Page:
Viking Modular plugs flash chips into memory sockets
Not a DIMM idea at all
What a brilliant idea: put flash chips into memory sockets. That's what Viking Modular is doing this with its SATADIMM product.
This is a small solid state drive device, with a 25mm or 18.75mm height, 133.35mm length and maximum 7.75mm width; giving it a 75 per cent smaller footprint than a 2.5-inch SSD. It comes with a 6Gbit/s SAS/SATA interface and uses single-level cell flash (SLC), the more capacious but slower multi-level cell (MLC) NAND, or the longer-lived enterprise MLC.
The capacities vary; SLC product ranges from 25GB to 400GB, and (2-bit we think) eMLC/MLC product starts at 50GB and tops out at 480GB. Power is delivered through the DIMM socket. Viking has built in AES-128 bit encryption and says the SATADIMM product has a five-year endurance rating.
There is a super-capacitor for power failure protection. The random read performance is up to 60,000 IOPS, while the sequential read bandwidth is up to 520MB/sec.
Viking says that good host devices for the product are blade servers, 1U rackmount servers, storage bridge bays (SBB) and AdvancedTCA blades (ATCA).
This type of product would seem a natural for DIMM memory manufacturers such as Samsung to supply. After all, it already makes SSD and flash chips. We could easily see Intel/Micron, Samsung and Toshiba delivering product in this area as well.
Viking sells through OEMs and we could see it cutting deal after deal, as servers using it should get a useful boost in performance if not a huge boost in performance through not having to wait so long for disk drives to deliver data or complete writes. Once one server OEM jumps on board this SATADIMM ship, the others would have to follow suit in order not to be left behind performance-wise.
SATADIMM flash would seem to compete with PCIe flash from suppliers such as Fusion-io and Virident, but with them having a capacity edge in terms of having more space to fill with flash on their cards.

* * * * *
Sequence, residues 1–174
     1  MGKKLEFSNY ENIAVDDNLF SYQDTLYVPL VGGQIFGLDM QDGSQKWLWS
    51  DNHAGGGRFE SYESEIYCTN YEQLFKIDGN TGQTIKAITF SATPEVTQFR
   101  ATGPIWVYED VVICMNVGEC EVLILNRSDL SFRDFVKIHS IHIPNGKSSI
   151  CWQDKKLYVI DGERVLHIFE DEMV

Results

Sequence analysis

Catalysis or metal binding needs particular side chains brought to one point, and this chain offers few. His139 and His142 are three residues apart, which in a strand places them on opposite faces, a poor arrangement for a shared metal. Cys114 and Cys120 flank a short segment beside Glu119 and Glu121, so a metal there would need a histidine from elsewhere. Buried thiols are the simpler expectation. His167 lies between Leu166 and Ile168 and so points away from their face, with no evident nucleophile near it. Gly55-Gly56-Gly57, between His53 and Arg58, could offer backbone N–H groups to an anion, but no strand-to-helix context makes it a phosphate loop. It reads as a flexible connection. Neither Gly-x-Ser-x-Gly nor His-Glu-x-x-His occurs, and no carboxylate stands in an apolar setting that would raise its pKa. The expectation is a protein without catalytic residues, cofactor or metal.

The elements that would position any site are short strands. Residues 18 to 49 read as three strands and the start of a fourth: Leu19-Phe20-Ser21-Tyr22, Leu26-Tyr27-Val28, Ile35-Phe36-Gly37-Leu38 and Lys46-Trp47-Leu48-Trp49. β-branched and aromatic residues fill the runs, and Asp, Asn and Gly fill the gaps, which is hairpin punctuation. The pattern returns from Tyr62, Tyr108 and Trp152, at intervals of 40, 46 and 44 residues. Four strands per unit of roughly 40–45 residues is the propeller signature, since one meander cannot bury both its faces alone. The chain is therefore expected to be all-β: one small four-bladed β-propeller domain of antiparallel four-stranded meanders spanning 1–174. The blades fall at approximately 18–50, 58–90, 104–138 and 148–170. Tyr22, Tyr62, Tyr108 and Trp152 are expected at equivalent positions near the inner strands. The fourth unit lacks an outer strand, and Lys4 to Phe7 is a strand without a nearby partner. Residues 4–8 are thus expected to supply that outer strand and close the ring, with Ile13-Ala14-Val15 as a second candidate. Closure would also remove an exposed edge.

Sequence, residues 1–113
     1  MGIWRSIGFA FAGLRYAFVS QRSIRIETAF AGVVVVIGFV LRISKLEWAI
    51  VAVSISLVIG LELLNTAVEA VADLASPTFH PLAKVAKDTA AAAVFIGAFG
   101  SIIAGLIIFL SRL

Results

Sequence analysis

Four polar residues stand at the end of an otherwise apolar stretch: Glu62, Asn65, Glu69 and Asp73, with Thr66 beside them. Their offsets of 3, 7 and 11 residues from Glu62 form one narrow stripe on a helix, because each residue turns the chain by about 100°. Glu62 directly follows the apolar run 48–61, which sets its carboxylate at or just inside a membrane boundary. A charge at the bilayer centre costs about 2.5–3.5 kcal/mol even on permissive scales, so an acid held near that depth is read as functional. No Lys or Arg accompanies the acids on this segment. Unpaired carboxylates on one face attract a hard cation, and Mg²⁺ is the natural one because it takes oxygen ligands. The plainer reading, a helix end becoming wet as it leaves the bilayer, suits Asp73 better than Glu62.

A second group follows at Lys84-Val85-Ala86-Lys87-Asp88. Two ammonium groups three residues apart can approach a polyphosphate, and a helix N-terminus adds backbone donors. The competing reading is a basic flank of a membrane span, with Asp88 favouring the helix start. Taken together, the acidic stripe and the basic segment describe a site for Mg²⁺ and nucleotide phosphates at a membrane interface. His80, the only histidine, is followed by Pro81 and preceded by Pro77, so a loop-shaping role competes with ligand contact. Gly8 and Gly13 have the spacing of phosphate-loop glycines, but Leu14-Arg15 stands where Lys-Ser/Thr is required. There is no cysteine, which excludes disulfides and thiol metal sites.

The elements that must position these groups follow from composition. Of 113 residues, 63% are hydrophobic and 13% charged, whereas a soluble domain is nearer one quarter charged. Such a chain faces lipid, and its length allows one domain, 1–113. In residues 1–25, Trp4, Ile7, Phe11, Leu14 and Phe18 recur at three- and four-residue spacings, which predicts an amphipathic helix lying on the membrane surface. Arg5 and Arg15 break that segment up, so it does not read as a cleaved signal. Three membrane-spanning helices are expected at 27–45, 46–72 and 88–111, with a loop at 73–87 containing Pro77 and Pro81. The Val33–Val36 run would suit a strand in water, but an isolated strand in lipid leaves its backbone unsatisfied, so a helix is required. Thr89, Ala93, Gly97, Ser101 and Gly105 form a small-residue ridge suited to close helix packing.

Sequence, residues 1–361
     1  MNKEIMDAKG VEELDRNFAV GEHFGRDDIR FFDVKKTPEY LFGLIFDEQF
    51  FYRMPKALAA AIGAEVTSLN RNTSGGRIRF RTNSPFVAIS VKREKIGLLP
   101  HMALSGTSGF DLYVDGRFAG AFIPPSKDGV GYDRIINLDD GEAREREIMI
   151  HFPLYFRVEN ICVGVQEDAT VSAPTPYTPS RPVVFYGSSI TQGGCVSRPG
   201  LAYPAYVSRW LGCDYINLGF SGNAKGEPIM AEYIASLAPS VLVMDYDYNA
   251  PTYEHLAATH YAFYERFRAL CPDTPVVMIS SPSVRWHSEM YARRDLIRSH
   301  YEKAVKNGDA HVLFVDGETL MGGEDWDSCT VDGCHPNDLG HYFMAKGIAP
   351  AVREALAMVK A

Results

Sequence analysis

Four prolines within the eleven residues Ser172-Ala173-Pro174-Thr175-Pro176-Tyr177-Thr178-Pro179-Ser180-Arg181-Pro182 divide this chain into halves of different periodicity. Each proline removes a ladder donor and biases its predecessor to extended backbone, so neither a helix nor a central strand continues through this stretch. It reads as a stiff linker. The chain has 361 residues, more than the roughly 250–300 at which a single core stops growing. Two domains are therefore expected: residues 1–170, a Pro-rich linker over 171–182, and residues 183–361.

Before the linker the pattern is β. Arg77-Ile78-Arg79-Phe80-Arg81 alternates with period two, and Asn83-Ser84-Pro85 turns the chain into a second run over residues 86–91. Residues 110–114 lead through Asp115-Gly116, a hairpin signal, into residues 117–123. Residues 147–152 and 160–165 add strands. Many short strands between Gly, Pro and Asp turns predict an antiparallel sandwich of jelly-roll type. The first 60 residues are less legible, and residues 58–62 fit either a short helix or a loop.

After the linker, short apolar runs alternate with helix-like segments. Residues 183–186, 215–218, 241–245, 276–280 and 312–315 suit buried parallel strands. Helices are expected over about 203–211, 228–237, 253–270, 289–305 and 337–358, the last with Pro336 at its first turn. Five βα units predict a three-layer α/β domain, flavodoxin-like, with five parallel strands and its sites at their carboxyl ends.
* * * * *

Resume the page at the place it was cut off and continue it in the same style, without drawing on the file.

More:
There is no pricing information available, and no availability data has been released as yet. ®
Seems like a waste of good (and rare) DIMM slots
So, if I'm right, these devices just use the DIMM slots for power, relying on conventional SATA/ASA connectors for comms? If so, it doesn't seem very sensible as users would be forced to use higher capacity (more £ per Gb) RAM DIMMs to make space.
"(1) DIMM slot does not properly signal power-loss"
The article said they put a supercap on the board in the event of power loss.
"(2) memory hub has not been designed with microsecond-level time-out in mind"
You can be forgiven for thinking it uses the mem controller as an interface. The article wasn't very clear on that point. It's mounting into, and powered by, the mem slot. Data is likely a SATA port soldered onto the SATADIMM board.
Huh? I think you need to look at the bigger picture.
Sorry, but you're looking at PC only. Think server mother boards like those you can buy from super micro.
Here you have more memory slots because they are built to take 100+GB in memory.
(192GB in some.) Considering that these 2 socket Xeon MBs usually get 32-36GB of memory, there's a lot of open slots.
I'd agree that for your typical home PC that the number of slots for your i7 or smaller chips would be at a premium.
I can't be the only guy who has a custom built 'silent' linux server in his home office... :-)